Why Are Legal and Medical Malpractice Cases Hard to Win?
Hopefully you have never been the victim of a legal or medical professional’s mistake. But if you have, you know how difficult it can be to pursue a legal or medical malpractice claim against them. But why is it so difficult to win a malpractice lawsuit?
Medical Malpractice Cases
Winning a medical malpractice lawsuit can be especially difficult for several reasons. First, there are more steps involved for initiating suit. For example, before filing a Complaint, a prospective plaintiff must give written notice to prospective defendants at least 182 days before initiating the lawsuit. When the suit is filed via Complaint, the plaintiff must attach an affidavit of merit which is signed by a qualified healthcare professional and states that in that healthcare professional’s opinion, malpractice existed and it was the cause of the plaintiff’s injuries.
Second, a plaintiff’s fault can reduce or bar a possible medical malpractice award. For example, if the plaintiff alleges a misdiagnosis, but the plaintiff gave false information that led to the misdiagnosis, that could drastically reduce or eliminate any recovery by the plaintiff.
Three, a plaintiff must have an expert witness testify on the plaintiff’s behalf and this expert witness must meet stringent requirements, such as being a licensed healthcare professional in the same field as the defendant and possessing the same board certifications as the defendant.
Legal Malpractice Cases
Legal malpractice cases are also difficult to successfully pursue, but for two different reasons. The first reason is the attorney judgment rule. This rule states that a lawyer cannot be liable for legal malpractice as long as the attorney acted in a good faith belief that her or his actions were in the best interest of her or his client and were based on sound legal principles. In other words, a lawyer is not liable for an understandable error in judgment.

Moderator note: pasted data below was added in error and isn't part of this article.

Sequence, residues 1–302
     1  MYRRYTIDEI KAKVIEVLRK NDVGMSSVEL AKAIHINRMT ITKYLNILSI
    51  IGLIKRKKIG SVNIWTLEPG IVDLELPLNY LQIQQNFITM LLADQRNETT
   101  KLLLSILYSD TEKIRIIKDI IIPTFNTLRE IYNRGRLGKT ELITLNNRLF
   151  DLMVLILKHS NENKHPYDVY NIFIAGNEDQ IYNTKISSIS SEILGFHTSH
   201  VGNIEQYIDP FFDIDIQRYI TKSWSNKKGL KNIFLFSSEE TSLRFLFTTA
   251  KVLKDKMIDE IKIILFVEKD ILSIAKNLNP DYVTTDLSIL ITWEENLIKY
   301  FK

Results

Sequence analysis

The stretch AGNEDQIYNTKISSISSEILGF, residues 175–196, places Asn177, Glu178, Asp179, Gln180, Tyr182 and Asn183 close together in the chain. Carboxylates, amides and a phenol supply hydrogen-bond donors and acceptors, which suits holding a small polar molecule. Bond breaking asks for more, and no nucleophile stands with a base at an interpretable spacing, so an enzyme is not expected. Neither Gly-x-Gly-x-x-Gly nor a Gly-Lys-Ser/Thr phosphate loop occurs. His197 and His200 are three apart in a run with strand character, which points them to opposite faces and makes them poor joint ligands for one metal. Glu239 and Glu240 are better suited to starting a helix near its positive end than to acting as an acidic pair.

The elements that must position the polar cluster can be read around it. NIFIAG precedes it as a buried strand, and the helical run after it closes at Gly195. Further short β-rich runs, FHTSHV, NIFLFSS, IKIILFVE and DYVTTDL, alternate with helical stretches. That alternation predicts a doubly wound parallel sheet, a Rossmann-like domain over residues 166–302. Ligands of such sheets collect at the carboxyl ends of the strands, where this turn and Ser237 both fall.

The next reason is probably the biggest hurdle to winning legal malpractices: it essentially requires the plaintiff to win a case-within-a-case. What does that mean exactly? Let’s look at an example:
|John Doe hires an attorney to represent him in a personal injury lawsuit due to injuries he suffered in a car accident. The attorney agrees to represent John Doe and takes the case. However, the attorney files the Complaint after the applicable statute of limitations deadline, so John Doe’s lawsuit is dismissed. John Doe now wants to sue his attorney for legal malpractice.
In order for John Doe to win his legal malpractice lawsuit, he will have to prove that he would have won the underlying personal injury lawsuit as long as the attorney filed the Complaint on time. John Doe cannot say he “could have” won the personal injury lawsuit. Instead, John Does must show he most likely “would have” won the personal injury lawsuit. This is not an easy hurdle to overcome. Basically, John Doe must prove that had the attorney not made a mistake, John Doe would have won the personal injury lawsuit.
There are other factual and procedural aspects that can make winning or trying a medical or legal malpractice lawsuit difficult. For more information about pursuing or defending a malpractice action, please contact us.